I’d also note that by the time of the March 1933 elections, after the Reichstag fire, everyone could see which way the wind was blowing. I don’t think anyone was deluded about the fact that the elections were intended to legitimize Hitler’s power, and that the left was going to get its head bashed in. Even if the SPD and KPD had managed to win a majority of the vote, it’s likely that this would have just resulted in Hitler dissolving the republic by extra-legal (rather than quasi-legal) means.

    So to sum up I do think it’s a canard to claim that Hitler came to power through free and fair elections, as Lewis claims.

  3. Greetings from Chile.

    I agree with Luban. But, some facts to make a more fundamented thinking:

    1º Concentration Camps were operating since 1933, the arbitrary internment of disident civilians is not a “democratic institution”.

    2º When Hindenburg dies, the August’1934 Referendum was the only “election” which Hitler personally won, but in a context hardly seen as a democracy, in a European or USer way.

    An election doesn’t make a democracy. Is the easiest part of it, to vote is a part, to participate, informate oneself and to organizing makes one. Saddam won elections, and I see no one believing it.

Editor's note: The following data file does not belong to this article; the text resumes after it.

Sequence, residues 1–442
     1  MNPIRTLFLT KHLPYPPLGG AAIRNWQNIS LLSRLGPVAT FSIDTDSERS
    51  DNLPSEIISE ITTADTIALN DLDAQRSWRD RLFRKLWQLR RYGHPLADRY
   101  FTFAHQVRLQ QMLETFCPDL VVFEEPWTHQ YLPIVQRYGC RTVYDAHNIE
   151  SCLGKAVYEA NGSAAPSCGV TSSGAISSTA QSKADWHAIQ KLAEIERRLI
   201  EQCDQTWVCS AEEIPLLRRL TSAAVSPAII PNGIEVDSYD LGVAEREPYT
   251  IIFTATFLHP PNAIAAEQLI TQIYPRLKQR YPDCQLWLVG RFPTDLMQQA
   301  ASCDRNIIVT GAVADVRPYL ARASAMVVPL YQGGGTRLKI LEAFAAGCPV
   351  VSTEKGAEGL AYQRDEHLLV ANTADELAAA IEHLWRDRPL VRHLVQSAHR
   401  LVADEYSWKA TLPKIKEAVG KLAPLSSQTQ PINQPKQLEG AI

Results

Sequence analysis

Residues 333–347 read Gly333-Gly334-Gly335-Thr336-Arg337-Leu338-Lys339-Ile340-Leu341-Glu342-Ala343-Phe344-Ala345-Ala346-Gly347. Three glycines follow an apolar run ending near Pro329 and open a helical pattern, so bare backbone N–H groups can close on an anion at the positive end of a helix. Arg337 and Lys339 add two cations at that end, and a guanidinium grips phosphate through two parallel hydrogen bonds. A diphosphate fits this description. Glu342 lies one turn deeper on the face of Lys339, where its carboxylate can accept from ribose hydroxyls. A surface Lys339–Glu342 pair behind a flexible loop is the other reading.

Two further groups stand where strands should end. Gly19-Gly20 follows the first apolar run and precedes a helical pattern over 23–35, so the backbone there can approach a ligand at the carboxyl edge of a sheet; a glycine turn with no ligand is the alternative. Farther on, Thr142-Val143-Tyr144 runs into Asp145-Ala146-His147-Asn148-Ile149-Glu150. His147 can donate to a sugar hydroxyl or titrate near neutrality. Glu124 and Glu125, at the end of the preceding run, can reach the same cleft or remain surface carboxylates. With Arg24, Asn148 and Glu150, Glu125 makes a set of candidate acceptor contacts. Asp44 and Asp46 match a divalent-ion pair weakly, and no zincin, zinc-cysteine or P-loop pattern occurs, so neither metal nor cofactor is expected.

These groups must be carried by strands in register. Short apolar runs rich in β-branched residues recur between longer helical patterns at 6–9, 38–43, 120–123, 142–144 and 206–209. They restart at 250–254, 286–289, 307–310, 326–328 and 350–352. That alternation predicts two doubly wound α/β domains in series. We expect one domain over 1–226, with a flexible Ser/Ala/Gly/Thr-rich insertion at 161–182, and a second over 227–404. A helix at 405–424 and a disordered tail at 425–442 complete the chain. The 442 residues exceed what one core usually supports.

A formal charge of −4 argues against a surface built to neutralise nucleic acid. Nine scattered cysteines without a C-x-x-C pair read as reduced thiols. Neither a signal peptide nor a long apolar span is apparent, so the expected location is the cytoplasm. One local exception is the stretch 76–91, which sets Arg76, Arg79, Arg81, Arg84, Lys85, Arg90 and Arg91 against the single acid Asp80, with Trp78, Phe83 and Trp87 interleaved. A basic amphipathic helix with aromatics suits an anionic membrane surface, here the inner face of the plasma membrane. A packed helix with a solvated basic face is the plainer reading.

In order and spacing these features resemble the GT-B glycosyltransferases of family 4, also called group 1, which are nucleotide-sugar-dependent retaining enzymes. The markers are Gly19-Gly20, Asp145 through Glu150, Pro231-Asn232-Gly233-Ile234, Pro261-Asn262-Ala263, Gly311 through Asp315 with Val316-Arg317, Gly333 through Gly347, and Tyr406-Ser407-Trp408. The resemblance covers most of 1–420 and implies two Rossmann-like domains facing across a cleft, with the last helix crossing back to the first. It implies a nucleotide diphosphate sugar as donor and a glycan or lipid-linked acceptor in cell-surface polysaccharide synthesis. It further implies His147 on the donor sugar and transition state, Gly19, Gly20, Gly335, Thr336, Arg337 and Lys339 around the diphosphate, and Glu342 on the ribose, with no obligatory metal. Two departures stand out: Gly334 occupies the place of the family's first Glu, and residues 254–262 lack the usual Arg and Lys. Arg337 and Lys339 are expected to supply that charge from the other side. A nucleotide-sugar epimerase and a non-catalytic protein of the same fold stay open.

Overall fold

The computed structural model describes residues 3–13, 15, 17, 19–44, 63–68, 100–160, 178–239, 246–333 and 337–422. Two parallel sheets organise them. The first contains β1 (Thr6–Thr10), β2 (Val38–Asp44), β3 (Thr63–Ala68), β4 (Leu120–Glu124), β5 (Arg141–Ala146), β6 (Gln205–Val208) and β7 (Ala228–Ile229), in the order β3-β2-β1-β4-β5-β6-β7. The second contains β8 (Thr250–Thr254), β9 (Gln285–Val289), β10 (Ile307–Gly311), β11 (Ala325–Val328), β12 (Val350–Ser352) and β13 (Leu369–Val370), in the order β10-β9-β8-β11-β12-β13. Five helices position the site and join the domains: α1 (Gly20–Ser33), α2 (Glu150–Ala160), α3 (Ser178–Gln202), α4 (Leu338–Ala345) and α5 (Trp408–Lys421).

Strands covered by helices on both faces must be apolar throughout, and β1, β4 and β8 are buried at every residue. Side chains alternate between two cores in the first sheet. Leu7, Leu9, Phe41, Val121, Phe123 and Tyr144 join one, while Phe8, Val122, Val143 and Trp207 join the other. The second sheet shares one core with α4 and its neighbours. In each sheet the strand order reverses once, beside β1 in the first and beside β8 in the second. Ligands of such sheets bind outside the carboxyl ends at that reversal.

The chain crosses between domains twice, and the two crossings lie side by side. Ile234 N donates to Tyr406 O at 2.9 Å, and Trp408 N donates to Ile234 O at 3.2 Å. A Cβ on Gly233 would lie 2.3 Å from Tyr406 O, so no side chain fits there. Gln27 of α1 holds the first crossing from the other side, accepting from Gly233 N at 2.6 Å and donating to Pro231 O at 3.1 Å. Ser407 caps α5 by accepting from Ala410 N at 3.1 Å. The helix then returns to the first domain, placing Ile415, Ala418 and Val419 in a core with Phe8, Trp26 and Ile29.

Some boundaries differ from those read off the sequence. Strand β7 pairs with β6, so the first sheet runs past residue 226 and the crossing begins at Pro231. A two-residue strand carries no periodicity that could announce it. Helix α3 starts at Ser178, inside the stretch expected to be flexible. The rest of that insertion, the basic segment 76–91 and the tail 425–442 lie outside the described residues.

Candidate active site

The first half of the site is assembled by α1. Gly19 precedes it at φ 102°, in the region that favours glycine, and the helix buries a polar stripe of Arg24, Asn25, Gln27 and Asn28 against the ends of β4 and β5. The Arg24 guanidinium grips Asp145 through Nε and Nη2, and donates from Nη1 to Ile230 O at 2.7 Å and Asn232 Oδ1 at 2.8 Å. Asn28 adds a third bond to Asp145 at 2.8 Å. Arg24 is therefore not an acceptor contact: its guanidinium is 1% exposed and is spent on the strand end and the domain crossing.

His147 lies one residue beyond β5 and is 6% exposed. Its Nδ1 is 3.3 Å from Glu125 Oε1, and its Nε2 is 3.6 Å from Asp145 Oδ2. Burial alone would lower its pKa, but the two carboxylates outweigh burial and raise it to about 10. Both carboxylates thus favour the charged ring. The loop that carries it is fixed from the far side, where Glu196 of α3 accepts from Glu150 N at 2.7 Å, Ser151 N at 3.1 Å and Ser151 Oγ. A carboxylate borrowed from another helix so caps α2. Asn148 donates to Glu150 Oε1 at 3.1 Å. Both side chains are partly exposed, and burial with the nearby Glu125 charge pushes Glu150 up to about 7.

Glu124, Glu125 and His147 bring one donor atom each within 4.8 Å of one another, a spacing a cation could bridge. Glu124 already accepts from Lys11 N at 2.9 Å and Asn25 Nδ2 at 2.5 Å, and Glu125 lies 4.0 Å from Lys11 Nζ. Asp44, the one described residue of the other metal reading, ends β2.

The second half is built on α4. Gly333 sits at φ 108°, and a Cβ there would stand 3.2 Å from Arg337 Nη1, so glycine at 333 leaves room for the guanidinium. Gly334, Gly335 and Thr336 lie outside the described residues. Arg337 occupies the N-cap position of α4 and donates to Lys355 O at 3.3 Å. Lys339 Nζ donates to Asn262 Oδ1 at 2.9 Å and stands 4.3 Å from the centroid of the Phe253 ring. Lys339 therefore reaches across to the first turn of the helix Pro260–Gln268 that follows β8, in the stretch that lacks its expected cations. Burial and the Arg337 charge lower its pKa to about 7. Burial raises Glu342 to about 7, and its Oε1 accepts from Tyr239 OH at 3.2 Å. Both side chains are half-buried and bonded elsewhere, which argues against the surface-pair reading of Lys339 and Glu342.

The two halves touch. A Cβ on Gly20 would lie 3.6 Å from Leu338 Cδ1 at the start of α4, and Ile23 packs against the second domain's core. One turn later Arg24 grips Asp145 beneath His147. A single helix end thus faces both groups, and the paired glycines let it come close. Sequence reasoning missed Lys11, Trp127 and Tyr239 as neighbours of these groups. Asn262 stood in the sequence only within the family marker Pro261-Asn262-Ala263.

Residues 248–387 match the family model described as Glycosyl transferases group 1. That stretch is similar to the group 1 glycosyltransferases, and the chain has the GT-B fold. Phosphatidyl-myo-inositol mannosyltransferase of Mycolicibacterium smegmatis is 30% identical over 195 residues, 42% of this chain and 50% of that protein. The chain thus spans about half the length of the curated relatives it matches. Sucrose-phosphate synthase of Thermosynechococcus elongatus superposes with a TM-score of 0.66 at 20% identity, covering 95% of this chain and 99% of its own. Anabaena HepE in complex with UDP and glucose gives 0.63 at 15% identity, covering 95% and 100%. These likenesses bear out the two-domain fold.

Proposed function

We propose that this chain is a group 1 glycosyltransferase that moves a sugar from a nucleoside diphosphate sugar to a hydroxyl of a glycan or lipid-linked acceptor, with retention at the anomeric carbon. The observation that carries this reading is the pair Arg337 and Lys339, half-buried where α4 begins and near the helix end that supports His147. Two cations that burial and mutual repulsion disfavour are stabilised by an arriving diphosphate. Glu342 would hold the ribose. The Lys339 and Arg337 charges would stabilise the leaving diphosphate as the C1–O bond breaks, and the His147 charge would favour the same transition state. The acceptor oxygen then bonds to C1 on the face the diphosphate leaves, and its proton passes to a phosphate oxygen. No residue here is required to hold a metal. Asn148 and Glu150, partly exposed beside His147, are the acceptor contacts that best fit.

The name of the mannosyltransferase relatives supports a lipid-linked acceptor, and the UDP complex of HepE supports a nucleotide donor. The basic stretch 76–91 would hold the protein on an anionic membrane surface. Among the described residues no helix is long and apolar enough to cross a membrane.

And a painful fact, for your posture, Luban is that The Patriot Act isn’t compatible with democracy, and, as we saw, it’s a tool of tiranny. Stalin, Hitler, Castro; Pol-Pot, Mao and Pinochet used, in their self-made institutionality used very, very similar tools, and had scape goats too.

    Democracy talking is a nice thing, but, given the facts, the people, around the world it’s not concerned about Aristotles v/s Plato. They’ll kill each other for a trade mark.

    But, besides my moanign, I find very valiant your effort, and I share your vision very much.

    And, well, as you had Bush, we have Piñera… But I doubt if it was democratically, when we see just a PR idiots, calling for other idiots to vote. I say idiots in the classic Greek way…

    Excuse my english, and thank you.

  4. Jon, you can’t point to the Algerian example for your model either, Bernie Lewis often has nothing for all his pomposity, save his Jewish supremacy. His facts are often VERY NASTY. Like, asking why the ME never produced a car; in fact Saddam had a car in production for three years before US bombs destroyed the factory.

    But the “Islamists” in Algeria won the election but never took power, so how does that fit the point? That would be Bernie’s preferred outcome, “stability.” I don’t know that that “Islamist” party was as reported. They were popular, and Algeria is not a super-religious country. 90% of the people live within 30 KM of the coast and those in port cities aren’t as the outliers in the rural South.